I have been teaching English in one of Osaka’s most prestigious high schools for years. Despite it being one of the best high schools in the prefecture, I noticed a big problem in one of my classes. Whenever I entered the classrom, I would find that 20 to 30 percent of my students were sleeping and would stay asleep during the entirity of my lesson. After a few times going through the same experience, I did what any self-respecting teacher would do: I bought a foghorn.
My students woke up and were able to hear what I was teaching; not to mention that they were probably terrified of falling asleep again, fearing the loud sound of the foghorn. The results were great… or so I thought.
After using the said foghorn, someone told me that I was in the wrong for having disturbed my students’ sleep. I couldn’t believe that I had somehow become the bad guy for wanting my students to be awake! Such are the experiences with cultural barriers, and I knew I had just crashed face first against that wall.
This had been my first major interaction with the uniquely Japanese idea of inemuri (居眠り) or “sleeping while present.” Inemuri differs from hirune (昼寝), which refers to an actual nap that one has planned. Thus, hirune usually takes place at home, while inemuri occurs in public spaces.
If you constantly take trains in Japan, there is a good chance someone has fallen asleep on your shoulder, whether it was the stereotypical middle-aged gentleman wearing his work suit, a polished businessperson, or a tired student has fallen asleep on your shoulder. It is very common to see businesspeople sleeping in parks, on benches, and even at work or during business meetings. In many other countries, this type of behavior would be seriously frowned upon since sleeping is considered to be disrespectful and a sign that one is bored.
The first time I saw a guy sleeping on a park bench I thought, “He must have had too much to drink.” But to many Japanese people, sleeping in public is actually a sign that you are tired and people sometimes consider those sleeping as very hard workers.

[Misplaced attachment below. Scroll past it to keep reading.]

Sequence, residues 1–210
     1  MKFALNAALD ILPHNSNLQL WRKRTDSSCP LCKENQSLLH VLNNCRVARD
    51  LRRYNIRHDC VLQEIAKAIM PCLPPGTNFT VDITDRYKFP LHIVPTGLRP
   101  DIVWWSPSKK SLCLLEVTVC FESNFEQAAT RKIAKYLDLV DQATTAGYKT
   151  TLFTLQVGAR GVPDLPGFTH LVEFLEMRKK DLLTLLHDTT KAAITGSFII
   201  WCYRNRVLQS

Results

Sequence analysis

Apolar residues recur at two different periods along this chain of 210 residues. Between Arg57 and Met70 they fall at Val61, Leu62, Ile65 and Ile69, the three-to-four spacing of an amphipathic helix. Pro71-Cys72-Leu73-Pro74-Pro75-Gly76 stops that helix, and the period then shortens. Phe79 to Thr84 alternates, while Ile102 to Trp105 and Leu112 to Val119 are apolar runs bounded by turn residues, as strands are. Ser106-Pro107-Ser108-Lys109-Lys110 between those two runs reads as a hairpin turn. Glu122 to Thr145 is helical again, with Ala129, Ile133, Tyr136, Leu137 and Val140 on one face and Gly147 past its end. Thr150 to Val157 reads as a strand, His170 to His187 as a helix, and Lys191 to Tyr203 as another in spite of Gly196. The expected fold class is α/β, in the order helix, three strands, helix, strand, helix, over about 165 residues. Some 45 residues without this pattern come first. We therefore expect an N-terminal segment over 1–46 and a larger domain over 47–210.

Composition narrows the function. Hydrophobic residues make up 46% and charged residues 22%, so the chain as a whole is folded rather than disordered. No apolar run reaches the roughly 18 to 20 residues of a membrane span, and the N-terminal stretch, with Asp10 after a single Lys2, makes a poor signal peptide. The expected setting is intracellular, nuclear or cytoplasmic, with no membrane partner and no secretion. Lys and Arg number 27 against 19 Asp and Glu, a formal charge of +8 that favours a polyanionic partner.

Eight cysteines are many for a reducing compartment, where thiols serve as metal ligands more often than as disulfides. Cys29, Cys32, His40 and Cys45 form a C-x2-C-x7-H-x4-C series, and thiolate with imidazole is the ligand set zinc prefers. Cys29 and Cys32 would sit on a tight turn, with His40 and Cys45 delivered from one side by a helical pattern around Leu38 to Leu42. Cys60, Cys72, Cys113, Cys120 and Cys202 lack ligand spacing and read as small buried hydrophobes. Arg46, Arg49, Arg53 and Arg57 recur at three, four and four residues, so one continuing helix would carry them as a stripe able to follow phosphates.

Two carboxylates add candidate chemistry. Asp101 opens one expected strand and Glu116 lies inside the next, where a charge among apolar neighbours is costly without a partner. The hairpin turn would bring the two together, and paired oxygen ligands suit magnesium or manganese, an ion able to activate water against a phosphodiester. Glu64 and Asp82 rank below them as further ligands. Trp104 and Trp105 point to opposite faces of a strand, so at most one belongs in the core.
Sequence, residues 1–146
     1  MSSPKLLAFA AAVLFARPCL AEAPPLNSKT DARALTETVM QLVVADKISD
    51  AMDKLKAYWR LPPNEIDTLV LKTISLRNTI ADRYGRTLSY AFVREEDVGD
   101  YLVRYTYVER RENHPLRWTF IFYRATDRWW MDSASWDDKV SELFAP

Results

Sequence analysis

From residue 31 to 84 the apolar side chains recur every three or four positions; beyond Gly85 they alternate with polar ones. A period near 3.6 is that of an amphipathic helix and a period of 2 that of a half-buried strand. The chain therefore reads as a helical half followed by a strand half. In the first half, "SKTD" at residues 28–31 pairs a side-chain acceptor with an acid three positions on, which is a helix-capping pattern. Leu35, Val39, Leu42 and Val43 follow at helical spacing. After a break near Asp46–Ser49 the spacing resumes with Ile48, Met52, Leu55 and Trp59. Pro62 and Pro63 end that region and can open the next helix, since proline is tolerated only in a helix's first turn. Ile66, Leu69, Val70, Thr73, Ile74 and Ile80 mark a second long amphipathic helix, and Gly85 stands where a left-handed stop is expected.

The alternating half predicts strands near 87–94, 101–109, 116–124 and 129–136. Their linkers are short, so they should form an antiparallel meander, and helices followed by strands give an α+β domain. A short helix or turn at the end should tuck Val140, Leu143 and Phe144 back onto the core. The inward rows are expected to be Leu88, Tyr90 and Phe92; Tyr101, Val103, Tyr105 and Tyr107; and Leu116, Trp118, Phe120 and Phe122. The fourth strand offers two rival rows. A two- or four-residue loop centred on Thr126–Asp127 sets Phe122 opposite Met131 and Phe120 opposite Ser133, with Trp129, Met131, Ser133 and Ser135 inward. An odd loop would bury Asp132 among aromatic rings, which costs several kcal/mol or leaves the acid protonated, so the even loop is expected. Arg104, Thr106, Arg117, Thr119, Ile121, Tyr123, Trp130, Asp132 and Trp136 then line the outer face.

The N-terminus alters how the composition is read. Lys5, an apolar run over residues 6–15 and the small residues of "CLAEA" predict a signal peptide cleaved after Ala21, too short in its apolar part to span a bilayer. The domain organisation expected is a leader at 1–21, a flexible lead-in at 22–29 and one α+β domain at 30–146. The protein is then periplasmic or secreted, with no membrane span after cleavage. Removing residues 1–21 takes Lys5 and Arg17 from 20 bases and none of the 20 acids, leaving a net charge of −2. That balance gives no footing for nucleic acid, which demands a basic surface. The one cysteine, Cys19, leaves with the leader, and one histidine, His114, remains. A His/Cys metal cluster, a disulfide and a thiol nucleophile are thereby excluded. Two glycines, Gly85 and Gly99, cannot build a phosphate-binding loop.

Everyone knows that Japanese people work a lot, and it is not so uncommon for people to work even 60 hours a week. That is why Tokyo can be considered as one of the worst cities to live. Japan is a country where there is a cultural prohibition to go home before your boss, which results in employees staying at their offices hours after they finished working even though they are just wasting their time. Once their boss or another employees gutsy enough to leave stands up, they will feel free to go home. Add the long commuting times that for some people living in commuter towns can exceed one hour, some people end up getting home knowing than in just a few hours they will have to be on their way to work once again. As a result, sometimes people don’t get a lot of sleep.
To make things worse, sometimes there are drinking parties after work:
Nomikai (飲み会) are Japanese drinking parties that can take place for any reason. Though they are usually held to commemorate something important like a new business deals or the arrival of new employees, they can actually be organized for no reason whatsoever. It is not uncommon to hear of people who have to attend Nomikai once a week or even a few times a week.
Missing a Nomikai can derail one’s work reputation, so they are technically mandatory. Nomikai are also predominantly popular in more conservative businesses and in companies or departments headed by older men. Newer businesses, smaller companies, and companies and departments headed by women don’t favor Nomikai as much.
It is also not uncommon for employees who are very tired to skip lunch altogether, instead opting to take a nap at their desks. While skipping such an important meal is not a great idea, lack of sleep can be very retrimantal to people’s efficiency. Therefore, some people prioritize their nap and instead of lunch have some light meals.
And while it’s nice that one can sleep at their desk without feeling embarrassed, it really is a shame that not many companies have nap rooms like those one can find at airports:
Installing them would really enhance the definition of a power nap and perhaps turn napping at work from inemuri to hirune. Once can dream, though.
Next time you see someone sleeping on a stairwell or starting to drool on your lapel, consider the conditions that led them to fall asleep outside their homes, and don’t do anything that could wake them up… unless their head is swinging like a pendulum every time the train moves and hitting you.
It is of course better to stay awake at all times, but if you can’t, rest assured that if you fall asleep at your desk or on the train only foreigners will judge you.
And for students, who fall asleep during class, it’s actually not really recommended that you do that. While my methods were considered unorthodox, sleeping in class is something that is not truly accepted and could result in a student’s grades plummetting and/or a meeting with their parents.